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by Michael E. Brown,Owen R. Coté Jr.,Sean M. Lynn-Jones,Steven E. Miller

Author: Michael E. Brown,Owen R. Coté Jr.,Sean M. Lynn-Jones,Steven E. Miller
Subcategory: Social Sciences
Language: English
Publisher: The MIT Press (October 29, 1998)
Pages: 604 pages
Category: Other
Rating: 4.7
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New approaches to understanding war and peace in the changing international system

New approaches to understanding war and peace in the changing international system. What causes war? How can wars be prevented? Scholars and policymakers have sought the answers to these questions for centuries. Although wars continue to occur.

New approaches to understanding war and peace in the changing international .

New approaches to understanding war and peace in the changing international system.

Contending with Terrorism: Roots, Strategies, and Responses (International Security Readers). Michael E. Brown, Owen R. Cote J. Sean M. Lynn-Jones, Steven E. Miller. Contending with Terrorism: Roots, Strategies, and Responses (International Security Readers).

Sean M. Miller - Contending with Terrorism: Roots, Strategies, and Responses (International Security Readers). Sklansky David, Miller Ed - No Limit Hold 'em Theory and Practice.

Michael E. Читать pdf. Miller E Ethelbert - The 5th Inning. Miller E, Sturmfels B - Combinatorial Commutative Algebra.

Owen R. Coté Jr., Sean M. Lynn-Jones

Owen R. Lynn-Jones. In a section on war and peace in the changing international system, several authors consider whether rising levels of international economic independence and environmental scarcity will influence the likelihood of war. Contributors: Dale C. Copeland, Charles L. Glaser, Thomas F. Homer-Dixon, Carl Kaysen, Robert O. Keohane, Charles A. Kupchan, Clifford A. Kupchan, David A. Lake, Christopher Layne, Sean M. Lynn-Jones, Edward D. Mansfield, Lisa L. Martin, John J. Mearsheimer, John Orme, John M. Owen, Donald Rothchild, John Gerard Ruggie, Jack Snyder, Stephen Van Evera, Alexander Wendt.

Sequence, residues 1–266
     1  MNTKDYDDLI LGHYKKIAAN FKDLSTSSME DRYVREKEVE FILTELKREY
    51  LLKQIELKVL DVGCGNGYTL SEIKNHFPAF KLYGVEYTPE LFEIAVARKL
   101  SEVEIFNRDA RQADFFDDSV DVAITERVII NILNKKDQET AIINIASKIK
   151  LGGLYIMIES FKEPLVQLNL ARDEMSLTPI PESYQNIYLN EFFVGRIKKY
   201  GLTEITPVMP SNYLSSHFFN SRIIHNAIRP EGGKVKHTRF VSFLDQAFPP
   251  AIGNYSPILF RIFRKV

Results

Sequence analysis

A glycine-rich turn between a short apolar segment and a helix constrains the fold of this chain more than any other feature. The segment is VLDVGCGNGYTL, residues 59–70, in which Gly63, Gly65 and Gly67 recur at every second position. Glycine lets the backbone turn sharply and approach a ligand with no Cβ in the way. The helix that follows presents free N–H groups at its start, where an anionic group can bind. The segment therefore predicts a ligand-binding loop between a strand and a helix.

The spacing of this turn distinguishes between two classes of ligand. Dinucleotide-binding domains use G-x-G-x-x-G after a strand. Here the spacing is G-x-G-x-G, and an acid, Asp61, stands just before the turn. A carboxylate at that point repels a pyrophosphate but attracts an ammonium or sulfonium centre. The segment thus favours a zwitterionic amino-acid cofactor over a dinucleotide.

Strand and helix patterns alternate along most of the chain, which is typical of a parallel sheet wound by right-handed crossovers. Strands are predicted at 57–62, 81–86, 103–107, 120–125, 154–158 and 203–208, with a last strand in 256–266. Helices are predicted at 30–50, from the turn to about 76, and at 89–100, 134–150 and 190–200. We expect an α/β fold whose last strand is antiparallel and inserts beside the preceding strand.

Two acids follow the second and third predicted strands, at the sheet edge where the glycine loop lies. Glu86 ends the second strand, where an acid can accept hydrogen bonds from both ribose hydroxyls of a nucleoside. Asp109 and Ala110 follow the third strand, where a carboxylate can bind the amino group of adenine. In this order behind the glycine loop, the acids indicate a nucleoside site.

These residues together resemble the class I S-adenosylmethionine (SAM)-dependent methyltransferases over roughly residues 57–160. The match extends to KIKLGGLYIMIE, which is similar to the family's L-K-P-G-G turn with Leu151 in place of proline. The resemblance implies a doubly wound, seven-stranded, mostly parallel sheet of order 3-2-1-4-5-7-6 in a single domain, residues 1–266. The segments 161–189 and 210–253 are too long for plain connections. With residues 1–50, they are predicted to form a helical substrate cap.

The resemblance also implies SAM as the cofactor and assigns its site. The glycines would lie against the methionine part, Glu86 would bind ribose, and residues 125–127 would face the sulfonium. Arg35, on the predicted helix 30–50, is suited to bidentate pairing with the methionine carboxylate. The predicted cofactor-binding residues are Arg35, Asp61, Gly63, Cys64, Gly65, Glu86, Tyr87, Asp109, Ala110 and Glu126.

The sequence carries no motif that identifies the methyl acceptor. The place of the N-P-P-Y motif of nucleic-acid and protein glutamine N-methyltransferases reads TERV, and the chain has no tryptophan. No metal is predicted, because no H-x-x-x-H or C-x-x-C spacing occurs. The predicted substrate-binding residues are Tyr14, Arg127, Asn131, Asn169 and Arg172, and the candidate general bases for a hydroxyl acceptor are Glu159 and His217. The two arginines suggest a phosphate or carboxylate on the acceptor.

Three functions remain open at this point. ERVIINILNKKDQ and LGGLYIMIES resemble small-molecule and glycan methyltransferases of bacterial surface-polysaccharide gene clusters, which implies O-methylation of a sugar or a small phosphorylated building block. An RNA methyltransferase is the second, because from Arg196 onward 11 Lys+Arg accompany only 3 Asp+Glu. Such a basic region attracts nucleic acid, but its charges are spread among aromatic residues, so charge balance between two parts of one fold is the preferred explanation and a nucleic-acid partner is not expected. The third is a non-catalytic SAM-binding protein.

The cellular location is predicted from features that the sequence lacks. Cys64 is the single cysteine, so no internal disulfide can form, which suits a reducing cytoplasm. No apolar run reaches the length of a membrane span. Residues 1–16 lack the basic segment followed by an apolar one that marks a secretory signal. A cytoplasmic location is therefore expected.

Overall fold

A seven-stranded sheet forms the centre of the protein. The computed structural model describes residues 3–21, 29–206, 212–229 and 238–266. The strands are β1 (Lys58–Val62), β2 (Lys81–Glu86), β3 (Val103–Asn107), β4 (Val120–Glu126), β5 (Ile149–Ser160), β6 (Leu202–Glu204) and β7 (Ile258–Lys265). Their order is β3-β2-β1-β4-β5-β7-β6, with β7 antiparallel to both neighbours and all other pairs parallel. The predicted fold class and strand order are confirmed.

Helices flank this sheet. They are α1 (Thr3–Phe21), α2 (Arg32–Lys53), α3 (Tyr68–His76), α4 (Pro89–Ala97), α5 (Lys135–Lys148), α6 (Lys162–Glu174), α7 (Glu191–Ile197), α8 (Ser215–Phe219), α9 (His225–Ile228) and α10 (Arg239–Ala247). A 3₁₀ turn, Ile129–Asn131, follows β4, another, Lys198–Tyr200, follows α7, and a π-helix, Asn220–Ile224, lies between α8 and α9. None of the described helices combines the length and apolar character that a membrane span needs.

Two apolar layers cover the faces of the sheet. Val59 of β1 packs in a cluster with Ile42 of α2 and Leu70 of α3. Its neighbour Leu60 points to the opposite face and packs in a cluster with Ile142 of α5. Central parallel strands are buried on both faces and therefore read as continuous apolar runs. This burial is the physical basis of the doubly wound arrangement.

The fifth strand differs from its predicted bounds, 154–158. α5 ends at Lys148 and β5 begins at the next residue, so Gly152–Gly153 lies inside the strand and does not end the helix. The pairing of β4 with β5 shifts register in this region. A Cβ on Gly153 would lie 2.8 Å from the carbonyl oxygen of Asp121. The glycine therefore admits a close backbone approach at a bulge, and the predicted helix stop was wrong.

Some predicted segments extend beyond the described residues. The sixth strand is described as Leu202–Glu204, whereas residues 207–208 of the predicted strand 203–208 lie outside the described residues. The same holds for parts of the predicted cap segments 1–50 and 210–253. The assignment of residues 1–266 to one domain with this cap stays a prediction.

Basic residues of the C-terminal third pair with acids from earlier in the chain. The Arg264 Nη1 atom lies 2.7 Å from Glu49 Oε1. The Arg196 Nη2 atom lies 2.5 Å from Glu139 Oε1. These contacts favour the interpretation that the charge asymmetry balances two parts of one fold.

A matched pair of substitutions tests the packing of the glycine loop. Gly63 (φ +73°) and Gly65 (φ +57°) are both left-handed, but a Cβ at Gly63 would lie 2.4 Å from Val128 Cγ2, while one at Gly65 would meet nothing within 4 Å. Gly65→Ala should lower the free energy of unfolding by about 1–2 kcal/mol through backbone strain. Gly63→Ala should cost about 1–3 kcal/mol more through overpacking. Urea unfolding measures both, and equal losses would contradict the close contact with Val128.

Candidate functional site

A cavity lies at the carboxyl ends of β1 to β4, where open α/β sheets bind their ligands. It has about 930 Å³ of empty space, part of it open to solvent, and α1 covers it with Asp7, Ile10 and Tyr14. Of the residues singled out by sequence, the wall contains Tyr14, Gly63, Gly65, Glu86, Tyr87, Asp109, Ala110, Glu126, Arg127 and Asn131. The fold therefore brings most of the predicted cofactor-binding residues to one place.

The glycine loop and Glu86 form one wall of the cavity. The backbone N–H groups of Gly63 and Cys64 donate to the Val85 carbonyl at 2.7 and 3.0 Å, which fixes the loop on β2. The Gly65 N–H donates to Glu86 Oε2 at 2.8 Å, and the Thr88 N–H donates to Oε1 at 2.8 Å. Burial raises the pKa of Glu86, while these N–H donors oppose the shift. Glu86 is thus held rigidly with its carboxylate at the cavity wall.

Steven E. Miller is director of the International Security Program at the Belfer Center.

The first part of the book addresses the roots of nationalistic and ethnic wars, focusing in particular on the former Yugoslavia.

Most recent wars have been complex and bloody internal conflicts driven to a significant degree by nationalism and ethnic animosity. Since the end of the Cold War, dozens of wars-in Bosnia, Kosovo, Rwanda, Somalia, the former Soviet Union, and elsewhere-have killed or displaced millions of people. The first part of the book addresses the roots of nationalistic and ethnic wars, focusing in particular on the former Yugoslavia. An overview of offense-defense theory, which argues that the relative ease of offense and defense varies in international politics.

Similar books to Offense, Defense, and War (International Security . Offense-defense theory argues that the relative ease of offense and defense varies in international politics

Similar books to Offense, Defense, and War (International Security Readers). with the purchase of any eligible product. Offense-defense theory argues that the relative ease of offense and defense varies in international politics. When the offense has the advantage, military conquest becomes easier and war is more likely; the opposite is true when the defense has the advantage.

New approaches to understanding war and peace in the changing international system.

What causes war? How can wars be prevented? Scholars and policymakers have sought the answers to these questions for centuries. Although wars continue to occur, recent scholarship has made progress toward developing more sophisticated and perhaps more useful theories on the causes and prevention of war. This volume includes essays by leading scholars on contemporary approaches to understanding war and peace. The essays include expositions, analyses, and critiques of some of the more prominent and enduring explanations of war. Several authors discuss realist theories of war, which focus on the distribution of power and the potential for offensive war. Others examine the prominent hypothesis that the spread of democracy will usher in an era of peace. In light of the apparent increase in nationalism and ethnic conflict, several authors present hypotheses on how nationalism causes war and how such wars can be controlled. Contributors also engage in a vigorous debate on whether international institutions can promote peace. In a section on war and peace in the changing international system, several authors consider whether rising levels of international economic independence and environmental scarcity will influence the likelihood of war.